Other employees of the mine have told investigators there was never enough fresh air to sweep out the highly explosive methane and coal dust that regularly accumulated — the fuel that three separate investigations have concluded powered the chain-reaction blast.

The information also says that when May knew the Mine Safety and Health Administration was about to sample the level of respirable coal dust in a section of the mine, he surreptitiously redirected additional air to that area to obscure the typical conditions.

May is also accused of both falsifying safety inspection books and ordering someone not named in the information to leave out reports of deep water that would have made a section of the mine unsafe.

Clay Mullins worked at Upper Big Branch and lost his brother Rex in the blast, but didn't cross paths with May.

"It's what we wanted. All the families, it's what they want," he said of the charges. "But I want to see some other names. ... There was a lot of people involved in this, and I just want to see them be punished for the crimes.

"If they're innocent, then I want them to be found innocent," Mullins said. "But if they're guilty, I want them to face the maximum penalty of law."

The information says Massey subsidiary Performance Coal Co. and its managers routinely violated a host of federal mine safety laws for fear that violations would cut into production time.

Had MSHA detected the concealed conditions, it would have resulted in temporary shutdowns and fines. That also could have moved Massey closer to being designated a pattern violator, which would have subjected it to even more scrutiny.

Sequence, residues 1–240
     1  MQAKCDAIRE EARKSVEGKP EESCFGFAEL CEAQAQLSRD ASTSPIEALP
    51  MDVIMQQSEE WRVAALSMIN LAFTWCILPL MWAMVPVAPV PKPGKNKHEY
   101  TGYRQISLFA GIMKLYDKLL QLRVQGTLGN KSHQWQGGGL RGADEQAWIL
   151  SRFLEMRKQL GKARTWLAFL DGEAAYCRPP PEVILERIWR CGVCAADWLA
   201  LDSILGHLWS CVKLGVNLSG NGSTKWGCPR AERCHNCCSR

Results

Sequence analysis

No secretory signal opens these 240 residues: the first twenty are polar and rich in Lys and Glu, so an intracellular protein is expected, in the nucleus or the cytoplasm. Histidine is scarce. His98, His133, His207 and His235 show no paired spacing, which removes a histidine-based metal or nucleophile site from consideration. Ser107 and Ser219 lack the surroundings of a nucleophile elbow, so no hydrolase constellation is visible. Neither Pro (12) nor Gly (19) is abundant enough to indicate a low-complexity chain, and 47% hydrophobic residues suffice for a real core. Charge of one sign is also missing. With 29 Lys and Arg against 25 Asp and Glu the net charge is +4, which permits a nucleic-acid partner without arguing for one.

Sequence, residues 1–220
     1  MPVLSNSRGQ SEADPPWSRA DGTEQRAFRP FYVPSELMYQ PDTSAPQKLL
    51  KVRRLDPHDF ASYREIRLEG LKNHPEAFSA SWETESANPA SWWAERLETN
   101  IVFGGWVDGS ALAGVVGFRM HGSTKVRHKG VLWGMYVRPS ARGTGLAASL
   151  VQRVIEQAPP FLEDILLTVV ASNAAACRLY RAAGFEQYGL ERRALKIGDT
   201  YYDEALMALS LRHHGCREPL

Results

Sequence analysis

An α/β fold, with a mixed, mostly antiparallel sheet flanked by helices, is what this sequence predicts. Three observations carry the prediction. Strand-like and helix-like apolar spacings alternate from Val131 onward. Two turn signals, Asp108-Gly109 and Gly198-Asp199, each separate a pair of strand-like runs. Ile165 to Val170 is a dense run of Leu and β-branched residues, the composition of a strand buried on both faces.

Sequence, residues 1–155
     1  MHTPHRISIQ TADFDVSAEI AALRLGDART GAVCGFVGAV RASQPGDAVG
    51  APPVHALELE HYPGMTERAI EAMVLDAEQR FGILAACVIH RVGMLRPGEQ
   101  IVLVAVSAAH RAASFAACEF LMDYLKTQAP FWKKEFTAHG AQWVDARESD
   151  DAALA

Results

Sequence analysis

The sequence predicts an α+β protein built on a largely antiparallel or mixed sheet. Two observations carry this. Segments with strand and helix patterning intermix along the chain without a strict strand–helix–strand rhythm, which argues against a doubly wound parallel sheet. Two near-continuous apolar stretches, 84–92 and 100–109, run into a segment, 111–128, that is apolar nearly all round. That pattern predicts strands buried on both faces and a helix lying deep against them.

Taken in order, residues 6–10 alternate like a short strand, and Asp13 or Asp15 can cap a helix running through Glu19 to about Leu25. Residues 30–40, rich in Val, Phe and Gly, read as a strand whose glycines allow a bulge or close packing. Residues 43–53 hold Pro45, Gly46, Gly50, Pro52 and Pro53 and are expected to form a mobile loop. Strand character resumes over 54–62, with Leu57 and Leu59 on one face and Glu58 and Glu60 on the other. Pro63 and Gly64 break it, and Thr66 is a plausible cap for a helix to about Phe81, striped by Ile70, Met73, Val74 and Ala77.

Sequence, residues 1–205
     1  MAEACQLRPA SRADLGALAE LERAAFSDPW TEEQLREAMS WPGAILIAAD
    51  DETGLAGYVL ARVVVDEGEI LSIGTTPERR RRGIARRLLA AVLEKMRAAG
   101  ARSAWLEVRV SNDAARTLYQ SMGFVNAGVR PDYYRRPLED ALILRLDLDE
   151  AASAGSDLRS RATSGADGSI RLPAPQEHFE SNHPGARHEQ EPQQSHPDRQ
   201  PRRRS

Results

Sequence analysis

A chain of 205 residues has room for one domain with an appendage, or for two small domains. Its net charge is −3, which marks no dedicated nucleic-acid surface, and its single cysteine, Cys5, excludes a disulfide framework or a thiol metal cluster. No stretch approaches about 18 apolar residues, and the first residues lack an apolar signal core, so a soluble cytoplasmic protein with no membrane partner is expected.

Reports about the explosion have already been released by MSHA, the United Mine Workers of America and an independent panel appointed by the former governor. The fourth and final report, by the state Office of Miners' Health Safety and Training, is being released Thursday.

The first three concluded that Virginia-based Massey Energy — which has since been bought by Alpha Natural Resources — allowed methane and coal dust to accumulate, and failed to properly maintain and repair the cutting equipment that eventually created the spark that fuel needed to explode.

Clogged and broken water sprayers then allowed what could have been a minor flare-up to become an epic blast that traveled seven miles of underground corridors, doubling back on itself and killing men instantly.

All three reports said the explosion could have been prevented or contained if the mine had been sufficiently dusted with pulverized limestone to render the coal dust inert. In the year before the Upper Big Branch blast, 70 ignitions occurred at U.S. coal mines, and none resulted in fatalities.

The UMWA report accused Massey of "industrial homicide" for the way it ran Upper Big Branch and listed 18 employees, including former Chief Executive Officer Don Blankenship, who invoked their right to avoid self-incrimination and refused to cooperate with investigators.

May is one of the 18 that the UMWA says should be compelled to publicly plead their Fifth Amendment rights or be held in contempt of court.